Friday, December 15, 2006

GWB's "New Way Forward"

If you haven't yet given up all hope that the adults might prevail, read Josh Marshall's comments on GWB's Mao-like "New Way Forward"... and weep. I tell you... the magic-thinkers are in control.
If you haven't seen it yet check out the Strobel & Landay piece from McClatchy (formerly of Knight-Ridder). They've got a run-down on what we can expect from the president's 'new way forward' and going from past experience I'd figured their sources are better than anyone else's.

In very broad outlines, it's been what we've led to expect: troop surge, rejection of Baker-Hamilton proposals. But there are some nuggets in here that add to the picture -- and in ways that would be humorous if there weren't so much on the line.

Here for example ...

-A revised Iraq political strategy aimed at forging a "moderate center" of Shiite Muslim, Sunni Muslim Arab and Kurdish politicians that would bolster embattled Prime Minister Nouri al Maliki. The goal would be to marginalize radical Shiite militias and Sunni insurgents.

It's hard to disagree with this. But it's also hard to call it a strategy. Sort of like my new strategy which is to get the folks there to chill out about religion and stop blowing so much stuff up. If wishes were horses ...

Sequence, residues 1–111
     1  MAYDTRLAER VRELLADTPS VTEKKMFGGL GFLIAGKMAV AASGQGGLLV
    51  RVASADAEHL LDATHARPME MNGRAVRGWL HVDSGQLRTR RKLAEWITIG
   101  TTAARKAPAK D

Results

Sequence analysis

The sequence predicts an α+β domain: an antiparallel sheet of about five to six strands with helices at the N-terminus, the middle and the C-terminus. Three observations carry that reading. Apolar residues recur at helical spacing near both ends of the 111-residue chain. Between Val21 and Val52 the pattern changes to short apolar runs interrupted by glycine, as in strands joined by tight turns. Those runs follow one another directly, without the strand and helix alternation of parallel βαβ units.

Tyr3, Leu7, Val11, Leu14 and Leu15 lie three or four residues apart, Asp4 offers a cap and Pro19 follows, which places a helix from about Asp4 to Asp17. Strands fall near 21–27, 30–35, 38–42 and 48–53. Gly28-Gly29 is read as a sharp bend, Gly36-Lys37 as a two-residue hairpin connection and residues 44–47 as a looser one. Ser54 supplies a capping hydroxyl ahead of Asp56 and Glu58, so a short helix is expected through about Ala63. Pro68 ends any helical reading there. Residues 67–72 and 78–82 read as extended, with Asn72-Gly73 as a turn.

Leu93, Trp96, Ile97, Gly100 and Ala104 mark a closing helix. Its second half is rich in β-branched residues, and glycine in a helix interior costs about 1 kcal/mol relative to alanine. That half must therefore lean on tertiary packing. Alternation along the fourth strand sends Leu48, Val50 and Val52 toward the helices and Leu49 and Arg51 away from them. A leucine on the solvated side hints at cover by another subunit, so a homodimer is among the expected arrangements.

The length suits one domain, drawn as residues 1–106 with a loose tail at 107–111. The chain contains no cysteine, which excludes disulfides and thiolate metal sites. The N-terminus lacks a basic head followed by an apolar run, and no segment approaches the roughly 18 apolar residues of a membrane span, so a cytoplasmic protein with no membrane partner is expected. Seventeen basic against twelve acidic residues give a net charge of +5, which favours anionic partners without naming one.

Then there's this ...

More money to combat rampant unemployment among Iraqi youths and to advance reconstruction, much of it funneled to groups, areas and leaders who support Maliki and oppose the radicals.

In theory, more money for employment and reconstruction is probably a very good idea, certainly in the context of a phased withdrawal of US troops and broader political settlement. But do you trust these doofuses to spend this money? And, to be clear, I mean our doofuses in this case. I guess a ton of money will probably go to Haliburton's recently acquired Maliki Moderate Inc. Who knows.

And this ...

-Rejection of the study group's call for an urgent, broad new diplomatic initiative in the Middle East to address the Israeli-Palestinian conflict and reach out to Iran and Syria.

Instead, the administration is considering convening a conference of Iraq and neighboring countries - excluding Iran and Syria - as part of an effort to pressure the two countries to stop interfering in Iraq.

Okay, so it'll be us, "Iraq", Jordan and the Saudis holding a conference to get the Syrians and Iranians to stop messing around in Iraq. Why didn't we think of this before?

Here are some other really promising signs ...

Bush appears to have been emboldened by criticism of its proposals as defeatist by members of the Republican Party's conservative wing and their allies on the Internet, the radio and cable TV.

That's excellent. Our C-in-C is sharp enough to get his jones from The Corner rather than the ex-diplomats and foreign policy hands. That's good stuff. Maybe we can swap out John Podhoretz for Chalabi for our approach to Syria.

And of course there's this ...

According to a senior State Department official, the president is listening closely to a former Republican secretary of state, but it isn't Baker. Henry Kissinger, a frequent White House visitor, has been to see Secretary of State Condoleezza Rice a half-dozen times, he said.

If you had to pull anybody out of formaldehyde to deal empower the denialists, who would be better?


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